Can you spot the grey morph of the Screech Owl in the below Fuertes watercolor?

©Louis Agassiz Fuertes – Plate 47 of Birds of Massachusetts and Other New England States: Hawk Owl, Screech Owl, Richardson’s Owl, Saw-whet Owl.

Please consider supporting our bird conservation work by making a donation today. Thank you!

Meet the Prairie Warbler

© Joel Eckerson

 “The handsome little Prairie Warbler is remarkable only for its song. Dr. Elliott Coues likens this to the ‘plaint of a mouse with a toothache,’ because of its thin wiry quality.”Edward Howe Forbush, 1929

Natives of more western states than Massachusetts might scoff at the scrubby clearings that we Easterners call “prairies,” but such areas provide perfect habitat for the Prairie Warbler. This species abhors forests, and breeds in shrubby clearings and only the most open woodlands. Both human-caused and natural disturbances have created plenty of Prairie Warbler breeding habitat in the Commonwealth over the past several centuries. However, as forests reassert themselves, Prairie Warblers stand to lose habitat as a result of this natural succession.

Though Forbush complimented the Prairie Warbler only on its song, our own Wayne Petersen, Director of Important Bird Areas, favors this “spectacled” warbler for both its song and its looks.

In addition, Wayne believes that the Prairie Warbler is a good “signature” bird for Massachusetts because we have some outstanding habitat for it on Cape Cod, in southeastern Massachusetts, and along many powerlines throughout the state.

Habitat

The Prairie Warbler (Setophaga discolor) breeds in early successional habitats in the eastern U.S.

Trend in Massachusetts

The Prairie Warbler is what we refer to as a “whispering bird”, because it’s breeding footprint in Massachusetts (according to our Breeding Bird Atlas 2) is stable or increasing, but the Breeding Bird Survey is showing significant declines for the species in the state.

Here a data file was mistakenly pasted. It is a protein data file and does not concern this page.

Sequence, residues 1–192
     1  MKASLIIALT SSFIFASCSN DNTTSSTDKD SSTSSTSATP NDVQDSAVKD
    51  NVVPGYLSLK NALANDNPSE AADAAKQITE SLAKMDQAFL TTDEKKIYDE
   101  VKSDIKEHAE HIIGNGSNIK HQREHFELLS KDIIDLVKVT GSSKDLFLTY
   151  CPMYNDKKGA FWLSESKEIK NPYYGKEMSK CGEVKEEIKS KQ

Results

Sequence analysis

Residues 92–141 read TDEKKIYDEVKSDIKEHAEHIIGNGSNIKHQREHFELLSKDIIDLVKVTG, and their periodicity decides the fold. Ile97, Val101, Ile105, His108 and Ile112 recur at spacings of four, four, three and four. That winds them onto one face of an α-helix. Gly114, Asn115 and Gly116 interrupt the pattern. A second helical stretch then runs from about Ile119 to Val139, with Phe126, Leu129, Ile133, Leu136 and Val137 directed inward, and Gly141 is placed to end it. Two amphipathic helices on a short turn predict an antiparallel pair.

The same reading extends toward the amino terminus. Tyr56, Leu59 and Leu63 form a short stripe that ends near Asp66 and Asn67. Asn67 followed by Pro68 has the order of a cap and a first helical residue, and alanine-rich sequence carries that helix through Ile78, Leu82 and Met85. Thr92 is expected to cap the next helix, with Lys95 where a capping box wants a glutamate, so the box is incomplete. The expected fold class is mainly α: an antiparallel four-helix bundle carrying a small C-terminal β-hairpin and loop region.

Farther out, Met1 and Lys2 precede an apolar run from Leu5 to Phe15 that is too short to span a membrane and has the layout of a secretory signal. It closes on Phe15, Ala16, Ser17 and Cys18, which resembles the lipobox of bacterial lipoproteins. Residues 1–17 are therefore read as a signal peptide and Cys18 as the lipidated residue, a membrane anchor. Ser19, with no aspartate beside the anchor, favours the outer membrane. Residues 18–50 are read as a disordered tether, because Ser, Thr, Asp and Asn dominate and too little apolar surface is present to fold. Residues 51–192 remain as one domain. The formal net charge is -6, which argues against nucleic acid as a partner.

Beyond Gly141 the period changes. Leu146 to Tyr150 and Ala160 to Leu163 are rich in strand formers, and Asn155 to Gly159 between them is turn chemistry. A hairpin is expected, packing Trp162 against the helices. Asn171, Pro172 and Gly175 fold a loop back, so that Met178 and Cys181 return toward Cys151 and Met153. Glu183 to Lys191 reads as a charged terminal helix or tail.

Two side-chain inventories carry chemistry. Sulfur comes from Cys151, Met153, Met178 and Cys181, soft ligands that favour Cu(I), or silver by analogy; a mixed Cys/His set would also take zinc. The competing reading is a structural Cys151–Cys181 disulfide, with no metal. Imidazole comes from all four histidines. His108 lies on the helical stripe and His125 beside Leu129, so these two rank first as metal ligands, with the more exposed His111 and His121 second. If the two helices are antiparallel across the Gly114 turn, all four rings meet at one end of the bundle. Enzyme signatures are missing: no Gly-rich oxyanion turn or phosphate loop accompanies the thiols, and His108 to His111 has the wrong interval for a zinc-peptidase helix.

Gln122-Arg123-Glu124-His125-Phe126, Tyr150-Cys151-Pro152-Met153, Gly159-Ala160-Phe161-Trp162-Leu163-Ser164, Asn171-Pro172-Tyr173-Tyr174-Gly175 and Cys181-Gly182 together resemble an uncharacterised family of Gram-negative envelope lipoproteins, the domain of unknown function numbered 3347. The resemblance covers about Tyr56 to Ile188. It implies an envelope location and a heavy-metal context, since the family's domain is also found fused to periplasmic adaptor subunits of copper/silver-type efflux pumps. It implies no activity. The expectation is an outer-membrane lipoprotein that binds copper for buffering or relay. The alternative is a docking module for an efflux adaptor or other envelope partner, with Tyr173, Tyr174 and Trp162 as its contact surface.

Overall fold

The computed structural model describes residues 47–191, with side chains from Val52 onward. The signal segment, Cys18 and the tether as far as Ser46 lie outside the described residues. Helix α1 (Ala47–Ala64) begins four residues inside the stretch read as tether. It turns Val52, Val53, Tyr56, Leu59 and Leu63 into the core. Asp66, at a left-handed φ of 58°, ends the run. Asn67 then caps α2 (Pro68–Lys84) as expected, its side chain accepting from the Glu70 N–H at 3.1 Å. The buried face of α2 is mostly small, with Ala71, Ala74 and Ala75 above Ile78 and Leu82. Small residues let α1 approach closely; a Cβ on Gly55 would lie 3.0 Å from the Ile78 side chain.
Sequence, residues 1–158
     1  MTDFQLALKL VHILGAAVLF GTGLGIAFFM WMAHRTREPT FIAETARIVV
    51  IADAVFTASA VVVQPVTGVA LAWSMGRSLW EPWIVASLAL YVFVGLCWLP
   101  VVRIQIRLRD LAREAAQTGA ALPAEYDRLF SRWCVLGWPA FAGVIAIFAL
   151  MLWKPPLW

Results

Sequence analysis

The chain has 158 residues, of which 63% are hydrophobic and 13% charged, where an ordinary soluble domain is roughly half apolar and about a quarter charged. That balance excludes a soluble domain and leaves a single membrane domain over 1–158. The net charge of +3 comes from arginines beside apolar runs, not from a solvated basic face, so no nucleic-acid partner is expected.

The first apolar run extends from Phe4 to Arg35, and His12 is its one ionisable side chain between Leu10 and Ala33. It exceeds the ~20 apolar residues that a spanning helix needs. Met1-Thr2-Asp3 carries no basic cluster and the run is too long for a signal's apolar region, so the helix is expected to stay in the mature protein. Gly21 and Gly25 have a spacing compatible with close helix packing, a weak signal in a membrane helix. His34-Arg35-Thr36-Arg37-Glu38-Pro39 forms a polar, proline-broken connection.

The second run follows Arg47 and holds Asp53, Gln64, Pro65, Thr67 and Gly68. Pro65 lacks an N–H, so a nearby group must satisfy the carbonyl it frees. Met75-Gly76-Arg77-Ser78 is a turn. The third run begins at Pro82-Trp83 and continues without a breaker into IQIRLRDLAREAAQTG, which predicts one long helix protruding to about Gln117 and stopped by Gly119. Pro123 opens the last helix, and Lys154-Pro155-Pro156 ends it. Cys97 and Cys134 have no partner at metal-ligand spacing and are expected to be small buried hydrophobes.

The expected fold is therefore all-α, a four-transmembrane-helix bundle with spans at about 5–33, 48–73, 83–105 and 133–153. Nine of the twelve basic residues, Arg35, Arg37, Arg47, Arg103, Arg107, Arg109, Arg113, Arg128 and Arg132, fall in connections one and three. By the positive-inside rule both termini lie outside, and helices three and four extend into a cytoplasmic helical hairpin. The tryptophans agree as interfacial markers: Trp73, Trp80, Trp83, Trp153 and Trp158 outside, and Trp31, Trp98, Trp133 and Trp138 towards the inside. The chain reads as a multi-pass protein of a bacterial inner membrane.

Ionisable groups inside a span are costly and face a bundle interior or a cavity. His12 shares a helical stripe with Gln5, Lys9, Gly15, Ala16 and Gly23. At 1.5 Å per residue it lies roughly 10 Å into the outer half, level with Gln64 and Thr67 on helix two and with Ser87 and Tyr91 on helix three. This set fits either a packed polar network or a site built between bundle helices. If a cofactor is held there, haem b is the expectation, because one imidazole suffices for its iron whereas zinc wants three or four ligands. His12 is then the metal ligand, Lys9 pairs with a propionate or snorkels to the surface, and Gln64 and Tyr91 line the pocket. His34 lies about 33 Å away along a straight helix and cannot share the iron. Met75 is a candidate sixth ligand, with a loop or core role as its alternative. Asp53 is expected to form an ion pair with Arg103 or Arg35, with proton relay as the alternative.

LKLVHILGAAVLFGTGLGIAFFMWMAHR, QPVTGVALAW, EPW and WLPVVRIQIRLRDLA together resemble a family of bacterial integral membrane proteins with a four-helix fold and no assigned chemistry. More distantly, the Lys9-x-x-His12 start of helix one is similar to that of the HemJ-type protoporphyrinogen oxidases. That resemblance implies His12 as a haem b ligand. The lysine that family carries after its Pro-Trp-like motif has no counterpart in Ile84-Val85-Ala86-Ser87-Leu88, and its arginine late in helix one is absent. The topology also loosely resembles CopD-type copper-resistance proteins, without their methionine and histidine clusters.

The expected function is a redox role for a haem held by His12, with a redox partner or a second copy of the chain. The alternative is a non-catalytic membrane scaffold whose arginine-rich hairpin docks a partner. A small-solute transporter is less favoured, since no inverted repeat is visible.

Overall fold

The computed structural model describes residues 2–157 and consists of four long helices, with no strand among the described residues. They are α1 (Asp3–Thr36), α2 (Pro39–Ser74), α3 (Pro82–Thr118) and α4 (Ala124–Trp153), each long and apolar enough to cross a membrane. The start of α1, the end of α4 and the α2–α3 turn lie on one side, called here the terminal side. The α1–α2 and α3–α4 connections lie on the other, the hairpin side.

Did you know? 

Male Prairie Warblers sing two different—though similar-sounding—songs during the breeding season. He sings one song, the faster of the two, to serenade his mate in courtship and strengthen their pair bond. The other, he sings to declare to other rivaling males that his territory is claimed.

Check out the updated Bobolink Project website!

Hi all,

We are pleased to announce that we have finished updating our website for the coming 2017 Bobolink Project season. Check out the new information at www.bobolinkproject.com. The farmer applications are live and donations are very welcome.

We will be accepting farmer applications until March 20.

  • IMPORTANT: We have changed some of the criteria for eligible farms and clarified a few other things so we highly recommend that you thoroughly read through the For Farmers page.

We also encourage donors to donate before April 1 when we will begin selecting farms for the program. The reason why only donations before April 1, 2017 will be applied to the 2017 season is because the number of farms and which farms we accept into the program depend wholly on how many donations we have pooled up to that deciding date when we start creating the contracts. Any donations that come in after April 1 will be saved for the following 2018 season.

Contact us at bobolinkproject@massaudubon.org if you have any questions.

We are looking forward to a new season of The Bobolink Project!

 

Warbler of the Week

Hi all,

In anticipation of our warbler-themed Birders Meeting, we’ll be posting about a featured warbler species every week.

This week’s warbler is…

© Davey Walters

 

Black-and-white warbler (Mniotilta varia)

In the last days of April or in early May, when the buds on deciduous trees are swelling and when tiny, light green leaflets appear on the shrubbery, in sheltered sunny spots we may find a little black and white striped bird hopping along the lower limbs in the woodlands, turning this way and that, searching over the branches from one side to the other, often head downward, closely scanning the bark, silently gleaning the insect enemies of the trees. This is the Black and White Warbler.” – Edward Howe Forbush, 1929

Breeding habitat: partially open mature or second-growth hardwood and mixed forests.